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Springfield City Council presents resolution against Eversource pipeline project (The Reminder)

Photo by Don Treeger/The Republican

Read the original Reminder Article by Matt Conway here.

SPRINGFIELD – City Council President Jesse Lederman issued a resolution against Eversource’s proposed Western Massachusetts Gas Reliability Project during the council’s July 25 meeting.

The project, which continues to garner divisive responses after its 2021 unveiling, proposes to add a new point of delivery system in Longmeadow. Eversource would also install a 5.3-mile underground steel main line between the new Longmeadow location and the gas line’s existing regulator station on Bliss Street in Springfield, as well as upgrades to the existing gas line connected to an Agawam regulator station.

The council originally intended to introduce the legislation during their July 15 meeting before issuing a delay to gather more councilor responses. Lederman issued initial concern about the reliability project in November 2021 when he called for an independent cost-benefit analysis to be performed by the Massachusetts Department of Public Utilities (DPU).

At that time, Lederman cited concerns with the project’s necessity and the increased reliance on gas over renewable energy resources.

“For individuals who are in a position to move off natural gas, it will be in people’s best interest to transition to renewable energy … If we know that the benefit is not really there, then I think you’re going to have a strong case for the DPU to push back on this proposal,” said Lederman in a November 2021 interview with Reminder Publishing.

The council’s resolution denouncing the project follows a letter of opposition issued by state Sens. Eric Lesser and Adam Gomez and state Reps. Carlos Gonzalez, Bud Williams, Orlando Ramos and Jacob Oliveria on July 11 against the pipeline. The legislators highlighted similar concerns as Lederman while also noting the potential danger of a pipeline leak.

“Pipelines leak and gas leaks have the potential to cause devastating fires and explosions. Springfield already knows how dangerous gas can be after the 2012 explosion that injured 18 people and damaged 42 buildings. Moreover, families in the Merrimack Valley are still trying to recover from the deadly gas explosions and fires that occurred in 2018,” said the legislators in their letter.

During the council’s discussion on the resolution, Ward 8 City Councilor Zaida Govan expressed her hopes that the resolution will help keep the state on course for their renewable energy goals. Gov. Charlie Baker signed the Act Creating A Next-Generation Roadmap for Massachusetts Climate Policy in March 2021, which set benchmarks of decreasing emissions by at least 50 percent by 2030 before aiming to achieve zero greenhouse gas emissions by 2050.

“This resolution is hopefully going to help put Springfield and the rest of Western Mass. on course … We need to start doing things to reach that goal and not put in new pipelines,” said Govan.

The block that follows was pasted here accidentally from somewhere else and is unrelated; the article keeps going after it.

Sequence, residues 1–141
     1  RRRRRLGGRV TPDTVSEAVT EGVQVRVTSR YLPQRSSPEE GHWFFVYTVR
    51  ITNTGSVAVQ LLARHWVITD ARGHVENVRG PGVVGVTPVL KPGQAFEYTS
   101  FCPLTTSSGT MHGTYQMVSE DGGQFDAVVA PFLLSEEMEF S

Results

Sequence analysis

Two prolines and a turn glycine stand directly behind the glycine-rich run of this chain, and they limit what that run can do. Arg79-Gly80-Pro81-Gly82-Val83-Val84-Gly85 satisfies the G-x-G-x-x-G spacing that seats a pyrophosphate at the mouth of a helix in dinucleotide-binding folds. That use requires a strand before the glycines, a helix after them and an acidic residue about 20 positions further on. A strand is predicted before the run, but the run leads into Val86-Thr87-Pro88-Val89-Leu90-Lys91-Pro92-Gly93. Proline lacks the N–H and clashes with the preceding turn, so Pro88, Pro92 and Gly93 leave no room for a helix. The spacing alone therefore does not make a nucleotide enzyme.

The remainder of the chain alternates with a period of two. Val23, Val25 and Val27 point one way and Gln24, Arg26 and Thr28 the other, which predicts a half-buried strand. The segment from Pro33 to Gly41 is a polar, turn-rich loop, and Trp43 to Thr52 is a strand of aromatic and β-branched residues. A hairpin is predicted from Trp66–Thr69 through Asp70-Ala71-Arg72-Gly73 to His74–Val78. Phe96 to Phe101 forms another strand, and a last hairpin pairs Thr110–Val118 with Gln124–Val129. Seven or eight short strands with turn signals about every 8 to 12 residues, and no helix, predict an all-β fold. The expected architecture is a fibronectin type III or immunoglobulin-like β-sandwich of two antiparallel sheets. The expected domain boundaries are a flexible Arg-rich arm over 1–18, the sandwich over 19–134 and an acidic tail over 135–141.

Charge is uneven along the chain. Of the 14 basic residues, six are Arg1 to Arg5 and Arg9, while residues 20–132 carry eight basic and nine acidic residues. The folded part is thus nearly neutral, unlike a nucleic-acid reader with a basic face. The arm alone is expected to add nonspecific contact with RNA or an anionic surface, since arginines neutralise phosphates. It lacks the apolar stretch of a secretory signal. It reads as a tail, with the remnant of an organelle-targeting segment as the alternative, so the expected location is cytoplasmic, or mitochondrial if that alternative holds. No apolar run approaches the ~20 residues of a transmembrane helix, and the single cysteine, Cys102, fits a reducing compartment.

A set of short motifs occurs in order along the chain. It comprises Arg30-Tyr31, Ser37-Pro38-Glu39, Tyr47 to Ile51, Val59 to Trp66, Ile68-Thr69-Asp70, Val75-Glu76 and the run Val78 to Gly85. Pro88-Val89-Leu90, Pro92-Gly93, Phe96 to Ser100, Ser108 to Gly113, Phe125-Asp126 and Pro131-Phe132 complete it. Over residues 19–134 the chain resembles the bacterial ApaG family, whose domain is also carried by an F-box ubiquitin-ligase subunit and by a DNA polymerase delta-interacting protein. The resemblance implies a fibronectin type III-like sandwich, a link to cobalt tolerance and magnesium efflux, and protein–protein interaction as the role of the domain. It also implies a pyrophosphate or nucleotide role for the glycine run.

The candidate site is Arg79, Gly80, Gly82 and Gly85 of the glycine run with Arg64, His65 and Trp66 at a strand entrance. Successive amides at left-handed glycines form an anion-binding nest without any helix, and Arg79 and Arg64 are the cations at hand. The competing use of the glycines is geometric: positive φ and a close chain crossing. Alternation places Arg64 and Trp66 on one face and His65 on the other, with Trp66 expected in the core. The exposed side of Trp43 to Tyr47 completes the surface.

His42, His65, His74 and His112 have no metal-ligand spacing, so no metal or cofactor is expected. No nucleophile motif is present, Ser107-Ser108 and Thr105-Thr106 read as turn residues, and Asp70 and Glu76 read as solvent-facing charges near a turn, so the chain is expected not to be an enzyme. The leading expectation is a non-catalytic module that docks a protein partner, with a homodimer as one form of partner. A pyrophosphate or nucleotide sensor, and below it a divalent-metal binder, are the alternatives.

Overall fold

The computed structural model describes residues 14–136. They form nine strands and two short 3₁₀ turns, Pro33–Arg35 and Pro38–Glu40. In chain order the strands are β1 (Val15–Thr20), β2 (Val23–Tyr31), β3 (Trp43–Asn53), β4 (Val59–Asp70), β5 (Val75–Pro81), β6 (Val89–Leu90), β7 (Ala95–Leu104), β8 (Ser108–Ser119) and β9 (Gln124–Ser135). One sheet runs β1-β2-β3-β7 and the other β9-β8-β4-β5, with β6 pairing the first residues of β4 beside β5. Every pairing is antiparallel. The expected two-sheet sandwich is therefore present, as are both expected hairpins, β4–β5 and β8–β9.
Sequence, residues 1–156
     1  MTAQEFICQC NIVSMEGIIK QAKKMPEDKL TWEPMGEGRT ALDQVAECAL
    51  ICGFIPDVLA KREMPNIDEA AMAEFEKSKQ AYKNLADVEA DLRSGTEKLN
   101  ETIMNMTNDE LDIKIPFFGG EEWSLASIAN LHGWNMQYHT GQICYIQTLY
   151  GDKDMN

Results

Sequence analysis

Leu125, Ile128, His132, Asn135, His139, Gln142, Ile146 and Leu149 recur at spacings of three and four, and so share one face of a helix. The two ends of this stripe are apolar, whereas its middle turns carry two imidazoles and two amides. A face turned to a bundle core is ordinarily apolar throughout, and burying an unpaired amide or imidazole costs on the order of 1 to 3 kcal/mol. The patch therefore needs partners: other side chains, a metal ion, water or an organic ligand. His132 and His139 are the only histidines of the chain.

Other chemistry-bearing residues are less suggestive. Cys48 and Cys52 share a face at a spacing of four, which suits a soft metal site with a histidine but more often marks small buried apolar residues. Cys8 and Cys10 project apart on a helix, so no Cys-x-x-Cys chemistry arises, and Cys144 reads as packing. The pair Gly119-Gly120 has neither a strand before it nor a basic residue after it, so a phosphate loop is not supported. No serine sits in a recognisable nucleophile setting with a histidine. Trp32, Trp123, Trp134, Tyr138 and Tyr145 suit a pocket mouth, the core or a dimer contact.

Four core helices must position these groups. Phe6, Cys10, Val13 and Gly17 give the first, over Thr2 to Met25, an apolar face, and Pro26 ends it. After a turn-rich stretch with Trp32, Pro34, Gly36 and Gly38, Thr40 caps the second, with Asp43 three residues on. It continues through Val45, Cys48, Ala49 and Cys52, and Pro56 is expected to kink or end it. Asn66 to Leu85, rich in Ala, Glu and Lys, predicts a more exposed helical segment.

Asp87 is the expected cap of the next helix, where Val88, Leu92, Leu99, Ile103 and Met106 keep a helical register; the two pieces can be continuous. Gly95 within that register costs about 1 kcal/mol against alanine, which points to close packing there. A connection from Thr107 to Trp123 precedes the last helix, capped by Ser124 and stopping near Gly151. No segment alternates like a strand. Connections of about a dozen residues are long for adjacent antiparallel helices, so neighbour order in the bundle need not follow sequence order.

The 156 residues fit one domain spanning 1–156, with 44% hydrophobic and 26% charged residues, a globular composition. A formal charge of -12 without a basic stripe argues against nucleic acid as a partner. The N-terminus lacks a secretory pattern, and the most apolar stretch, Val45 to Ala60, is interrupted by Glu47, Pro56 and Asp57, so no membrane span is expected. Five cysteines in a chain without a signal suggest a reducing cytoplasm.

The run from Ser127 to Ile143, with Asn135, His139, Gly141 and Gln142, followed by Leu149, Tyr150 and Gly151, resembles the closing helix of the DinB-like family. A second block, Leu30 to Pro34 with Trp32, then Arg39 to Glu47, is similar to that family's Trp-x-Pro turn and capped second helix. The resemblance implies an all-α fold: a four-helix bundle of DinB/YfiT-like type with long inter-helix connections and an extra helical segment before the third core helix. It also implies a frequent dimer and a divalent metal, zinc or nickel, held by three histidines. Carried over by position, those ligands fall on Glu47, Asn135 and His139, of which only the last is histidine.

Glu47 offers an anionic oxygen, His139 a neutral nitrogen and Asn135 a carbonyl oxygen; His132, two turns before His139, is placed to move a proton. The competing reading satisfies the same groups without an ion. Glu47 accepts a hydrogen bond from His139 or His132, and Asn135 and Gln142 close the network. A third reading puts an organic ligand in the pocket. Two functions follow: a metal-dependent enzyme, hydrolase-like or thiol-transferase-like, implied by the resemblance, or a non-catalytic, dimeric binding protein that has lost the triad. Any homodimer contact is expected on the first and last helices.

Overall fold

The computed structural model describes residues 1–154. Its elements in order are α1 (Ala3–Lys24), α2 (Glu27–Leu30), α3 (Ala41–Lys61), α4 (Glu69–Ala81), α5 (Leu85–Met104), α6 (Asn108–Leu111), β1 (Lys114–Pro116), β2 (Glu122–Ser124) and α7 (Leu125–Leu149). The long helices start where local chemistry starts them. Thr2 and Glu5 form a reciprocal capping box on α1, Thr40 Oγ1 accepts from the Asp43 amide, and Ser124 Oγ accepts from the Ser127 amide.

Ward 1 City Councilor Maria Perez expressed her concerns about the reliability project after meeting with local organizations against the pipeline. She took issue with Eversource making a decision for the community without their consideration.

“I think that the issue with the pipeline is not only the pipes, it’s the authority they have taken in making decisions for the community and not coming to the community and explain[ing] some of the concerns they have,” said Perez.

Perez, Govan, Ward 2 City Councilor Michael Fenton, Ward 3 City Councilor Melvin Edwards, Ward 4 City Councilor Malo Brown, Ward 7 City Councilor Timothy Allen, City Councilor At-Large Justin Hurst, City Councilor At-Large Tracye Whitfield and City Councilor At-Large Kateri Walsh each backed Lederman’s resolution.

The council then approved the resolution in a unanimous vote.

Lederman’s Perspective

In the aftermath of the meeting, Reminder Publishing spoke to Lederman about his resolution. Since issuing the request for an independent cost-benefit analysis, the councilor said there has yet to be a response from the DPU. According to Lederman, Eversource is viewing the DPU’s normal review process as an independent cost-benefit analysis.

Among reasons for submitting the resolution, Lederman cited the project’s redundancy, its $65 million cost and its incompatibility with the state’s goals of transitioning away from natural gas.

“We want the DPU, the Massachusetts Legislature and Eversource to turn their attention and their investment towards moving forward with the development of clean energy technology,” said Lederman.

The council president cited “real concern” about the potential of low-income ratepayers struggling to make a transition to clean energy sources if there is added reliance upon gas infrastructure projects.

“The state should be prioritizing cities like Springfield and families that have a lower income in this work. These are the families that have been impacted the most by rising costs. They are also the communities that have been impacted by the historic levels of pollution related to this generation of electricity … This is where our focus should be,” said Lederman.

Despite opposing the proposed reliability project, Lederman stressed that Springfield remains a leader in ensuring necessary safety repairs for existing natural gas infrastructures. However, he expressed concern with the reliability project’s attempts to unnecessarily expand the gas pipeline.

“We are going to continue to be a leader on investments in safety of the infrastructure, but what we are concerned with are attempts to expand the infrastructure unnecessarily,” said Lederman.

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